Racism, unintended consequences?

Been reading this article on todays BBC News.


It's just made me think. With current cries of "It's not banter, it's racism, sexism, homophobia, transphobia" etc, are these minorities now at risk of ostracism, like Mr Ng says he was in the article?

Is it the law of unintended consequences?

It's certainly made me wonder if it's something that I'm guilty of, albeit unintentionally. Have I just not spoken to someone for fear of the dreaded accusation?

Is this going to be the way now? Just don't talk to people, you can't get in trouble then?
 

anglo

LE
Been reading this article on todays BBC News.


It's just made me think. With current cries of "It's not banter, it's racism, sexism, homophobia, transphobia" etc, are these minorities now at risk of ostracism, like Mr Ng says he was in the article?

Is it the law of unintended consequences?

It's certainly made me wonder if it's something that I'm guilty of, albeit unintentionally. Have I just not spoken to someone for fear of the dreaded accusation?

Is this going to be the way now? Just don't talk to people, you can't get in trouble then?
When someone makes an innocent remark, someone else picks fault with what was said,
and the person making the innocent losses their job, people are going to withdraw
to watch their backs
 

OneTenner

LE
Book Reviewer
Apparently not talking to someone is also bullying....

I don't on principle read BBC articles directives so I'm just guessing at the content from the 'right think' they used to push at me.
 
I don’t think it’s going the way of not talking to people in case you offend them. Just don’t be a dick and you’ll be fine.

If we take what is written in the article at face value, none of those things were innocent remarks, asking someone how you pronounce their name is fine, telling someone it sounds like the noise you make on the toilet is not. Especially not from an NCO in a training unit.
 
Pandering to this pus is a self licking lollipop .
It creates animosity .
The attitude displayed on this forum to the BBC and MSM adverts etc is clear to see and not without good reason .
 
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Hold a door open for a lady and you're a sexist dinosaur, don't and you're a misogynist.
 
Hold a door open for a lady and you're a sexist dinosaur, don't and you're a misogynist.

I always hold the door open for ladies, they usually say thank you and if they don't I usually say "your welcome loud enough for them to hear.

If I hold open a door for a lady and they complain about it, they get told to do one.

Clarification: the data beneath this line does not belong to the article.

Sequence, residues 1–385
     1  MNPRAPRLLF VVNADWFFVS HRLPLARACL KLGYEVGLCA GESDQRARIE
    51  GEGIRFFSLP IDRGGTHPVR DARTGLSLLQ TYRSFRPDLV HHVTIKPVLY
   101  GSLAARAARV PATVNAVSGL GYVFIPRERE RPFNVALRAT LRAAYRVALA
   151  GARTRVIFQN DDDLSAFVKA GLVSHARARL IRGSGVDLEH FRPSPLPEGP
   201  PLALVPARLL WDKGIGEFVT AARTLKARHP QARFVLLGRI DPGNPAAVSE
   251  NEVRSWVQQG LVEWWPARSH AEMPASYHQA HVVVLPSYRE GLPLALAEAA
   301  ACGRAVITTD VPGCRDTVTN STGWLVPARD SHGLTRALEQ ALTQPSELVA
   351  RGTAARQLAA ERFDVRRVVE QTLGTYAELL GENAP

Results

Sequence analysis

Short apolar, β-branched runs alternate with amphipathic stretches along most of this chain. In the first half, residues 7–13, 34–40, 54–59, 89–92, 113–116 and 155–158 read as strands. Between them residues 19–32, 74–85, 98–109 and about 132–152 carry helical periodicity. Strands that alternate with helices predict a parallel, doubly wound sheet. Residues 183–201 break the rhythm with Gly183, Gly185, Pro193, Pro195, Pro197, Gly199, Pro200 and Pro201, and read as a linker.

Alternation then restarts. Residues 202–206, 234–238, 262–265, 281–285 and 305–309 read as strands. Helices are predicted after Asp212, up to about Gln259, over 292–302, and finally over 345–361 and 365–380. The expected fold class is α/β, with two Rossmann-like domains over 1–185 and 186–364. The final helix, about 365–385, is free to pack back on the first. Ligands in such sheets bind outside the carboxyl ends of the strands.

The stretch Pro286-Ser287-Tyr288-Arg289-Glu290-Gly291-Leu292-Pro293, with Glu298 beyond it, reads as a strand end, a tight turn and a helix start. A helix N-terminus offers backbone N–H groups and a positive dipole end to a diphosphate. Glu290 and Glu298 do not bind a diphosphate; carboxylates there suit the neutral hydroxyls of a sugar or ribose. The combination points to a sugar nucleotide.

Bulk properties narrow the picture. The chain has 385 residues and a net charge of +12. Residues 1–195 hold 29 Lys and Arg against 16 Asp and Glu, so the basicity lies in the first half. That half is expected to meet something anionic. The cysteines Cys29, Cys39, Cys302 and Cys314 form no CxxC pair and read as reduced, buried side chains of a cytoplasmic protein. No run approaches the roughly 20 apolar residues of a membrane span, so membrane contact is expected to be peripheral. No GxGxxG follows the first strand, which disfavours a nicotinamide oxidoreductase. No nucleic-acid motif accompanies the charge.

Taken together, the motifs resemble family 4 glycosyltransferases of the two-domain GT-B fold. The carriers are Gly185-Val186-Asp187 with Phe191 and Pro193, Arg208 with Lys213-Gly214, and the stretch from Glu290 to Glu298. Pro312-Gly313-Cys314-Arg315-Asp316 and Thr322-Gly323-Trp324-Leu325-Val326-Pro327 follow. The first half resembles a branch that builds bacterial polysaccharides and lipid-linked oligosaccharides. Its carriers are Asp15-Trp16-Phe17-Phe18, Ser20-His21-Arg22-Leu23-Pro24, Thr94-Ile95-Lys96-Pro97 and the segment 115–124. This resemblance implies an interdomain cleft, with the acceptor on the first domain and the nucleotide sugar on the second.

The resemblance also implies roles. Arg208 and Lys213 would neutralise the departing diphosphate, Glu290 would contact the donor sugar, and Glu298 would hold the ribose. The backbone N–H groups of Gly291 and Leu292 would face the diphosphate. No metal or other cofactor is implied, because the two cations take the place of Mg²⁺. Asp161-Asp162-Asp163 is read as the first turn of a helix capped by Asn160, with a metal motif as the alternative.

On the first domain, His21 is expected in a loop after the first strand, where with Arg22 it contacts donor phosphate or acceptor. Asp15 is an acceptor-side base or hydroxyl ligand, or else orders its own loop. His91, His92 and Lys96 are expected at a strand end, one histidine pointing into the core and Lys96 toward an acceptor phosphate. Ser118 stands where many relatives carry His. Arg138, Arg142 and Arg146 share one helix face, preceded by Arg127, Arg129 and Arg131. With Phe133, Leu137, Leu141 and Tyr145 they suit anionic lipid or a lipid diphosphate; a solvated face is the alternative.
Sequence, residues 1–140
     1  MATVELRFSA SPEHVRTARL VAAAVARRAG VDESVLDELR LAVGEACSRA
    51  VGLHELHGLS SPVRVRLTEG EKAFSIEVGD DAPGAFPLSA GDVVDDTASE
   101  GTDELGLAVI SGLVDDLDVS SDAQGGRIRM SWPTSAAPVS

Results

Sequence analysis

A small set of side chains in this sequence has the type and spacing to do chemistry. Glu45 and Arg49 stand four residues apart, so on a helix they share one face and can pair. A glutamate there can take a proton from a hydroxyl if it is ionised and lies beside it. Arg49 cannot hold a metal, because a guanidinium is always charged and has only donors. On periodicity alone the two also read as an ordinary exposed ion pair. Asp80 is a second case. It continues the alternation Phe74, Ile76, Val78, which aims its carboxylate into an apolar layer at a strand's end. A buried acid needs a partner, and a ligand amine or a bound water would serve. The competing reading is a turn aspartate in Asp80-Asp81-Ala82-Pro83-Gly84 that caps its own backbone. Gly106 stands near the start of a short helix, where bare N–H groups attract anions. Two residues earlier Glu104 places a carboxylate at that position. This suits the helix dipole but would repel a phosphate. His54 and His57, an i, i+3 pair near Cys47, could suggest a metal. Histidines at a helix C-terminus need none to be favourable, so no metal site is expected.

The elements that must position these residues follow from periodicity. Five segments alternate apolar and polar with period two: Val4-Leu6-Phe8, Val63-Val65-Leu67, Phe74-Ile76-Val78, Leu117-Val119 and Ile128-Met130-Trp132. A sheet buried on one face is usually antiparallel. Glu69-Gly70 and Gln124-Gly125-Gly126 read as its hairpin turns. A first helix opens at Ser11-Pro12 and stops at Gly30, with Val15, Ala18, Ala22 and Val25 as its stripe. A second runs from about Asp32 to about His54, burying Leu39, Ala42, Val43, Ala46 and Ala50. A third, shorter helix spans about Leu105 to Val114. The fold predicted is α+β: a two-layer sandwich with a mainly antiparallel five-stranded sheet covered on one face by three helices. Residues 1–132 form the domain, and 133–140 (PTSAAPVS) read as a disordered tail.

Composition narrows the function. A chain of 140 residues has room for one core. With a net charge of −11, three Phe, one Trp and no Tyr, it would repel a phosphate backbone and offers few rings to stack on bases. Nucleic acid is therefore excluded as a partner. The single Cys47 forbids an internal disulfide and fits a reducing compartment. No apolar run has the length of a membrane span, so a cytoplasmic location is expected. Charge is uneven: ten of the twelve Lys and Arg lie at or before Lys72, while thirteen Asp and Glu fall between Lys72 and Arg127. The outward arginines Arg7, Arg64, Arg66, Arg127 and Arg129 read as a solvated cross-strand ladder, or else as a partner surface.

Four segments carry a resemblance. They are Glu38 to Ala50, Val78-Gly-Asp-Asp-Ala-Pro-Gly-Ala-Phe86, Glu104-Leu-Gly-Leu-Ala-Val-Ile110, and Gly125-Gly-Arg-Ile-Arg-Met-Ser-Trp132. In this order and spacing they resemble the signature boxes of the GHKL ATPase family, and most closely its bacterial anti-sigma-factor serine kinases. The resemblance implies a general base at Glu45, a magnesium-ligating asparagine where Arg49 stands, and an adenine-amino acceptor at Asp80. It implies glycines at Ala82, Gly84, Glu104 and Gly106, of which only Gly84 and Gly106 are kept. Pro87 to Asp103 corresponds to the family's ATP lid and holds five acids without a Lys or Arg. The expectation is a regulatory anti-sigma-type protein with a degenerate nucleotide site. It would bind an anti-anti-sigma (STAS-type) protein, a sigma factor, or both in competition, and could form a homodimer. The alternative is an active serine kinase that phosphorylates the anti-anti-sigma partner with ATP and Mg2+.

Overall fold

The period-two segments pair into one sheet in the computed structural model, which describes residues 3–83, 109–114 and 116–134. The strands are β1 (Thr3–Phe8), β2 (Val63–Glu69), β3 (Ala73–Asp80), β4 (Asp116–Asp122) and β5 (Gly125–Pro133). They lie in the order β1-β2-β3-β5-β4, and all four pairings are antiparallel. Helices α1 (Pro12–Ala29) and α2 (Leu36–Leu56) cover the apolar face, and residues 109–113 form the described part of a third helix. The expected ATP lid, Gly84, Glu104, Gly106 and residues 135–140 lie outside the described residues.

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I always hold the door open for ladies, they usually say thank you and if the don't I usually say "your welcome loud enough for them to hear.

If I hold open a door for a lady and they complain about it, they get told to do one.
I never understood the idea of holding a door open specifically for women. If there's someone walking behind me I'll hold the door open, doesn't matter if it's a bloke, woman or kid. I've never had anyone complain yet.
 
FFS. Army is simple. Call people by their appointment.
Or rank. Otherwise, be nice..
Simple things can take you places.
 
I always hold the door open for ladies, they usually say thank you and if the don't I usually say "your welcome loud enough for them to hear.

If I hold open a door for a lady and they complain about it, they get told to do one.
If you held the door for a lady and she complained about it, then she wasn't a lady and you shouldn't have held the door for her. It was your fault, you should have known she wasn't a lady.
 

chimera

LE
Moderator
Been reading this article on todays BBC News.


It's just made me think. With current cries of "It's not banter, it's racism, sexism, homophobia, transphobia" etc, are these minorities now at risk of ostracism, like Mr Ng says he was in the article?

Is it the law of unintended consequences?

It's certainly made me wonder if it's something that I'm guilty of, albeit unintentionally. Have I just not spoken to someone for fear of the dreaded accusation?

Is this going to be the way now? Just don't talk to people, you can't get in trouble then?

Many years ago, whilst on a training course, we started with the usual round the table introductions. One of the students, with the same surname as the guy in BBC whinge article, introduced himself, and said, quite openly, that it was easy to remember how to say his name as it was the noise you made when having a big sh*t. Different attitude; a bit of humour, we all remembered how to say his name, and it was never an issue again.
 
I never understood the idea of holding a door open specifically for women. If there's someone walking behind me I'll hold the door open, doesn't matter if it's a bloke, woman or kid. I've never had anyone complain yet.
Slam in their face.
That’ll school em
 
I think I'll just carry on the way I have for the last thirty odd years of my adult life.
If I offend people who are basically looking to be offended, then I honestly don't give a flying fcuk.
 
If I hold open a door for a lady and they complain about it, they get told to do one.

Always useful to have the following up your sleeve.

Woman; "You don't need to open the door for me just because I am a lady".
Man: "I'm not opening the door for you because you are a lady, I'm opening
the door for you because I am a gentleman".
 
Always useful to have the following up your sleeve.

Woman; "You don't need to open the door for me just because I am a lady".
Man: "I'm not opening the door for you because you are a lady, I'm opening
the door for you because I am a gentleman".
It’s a courtesy thing. Being helpful
 

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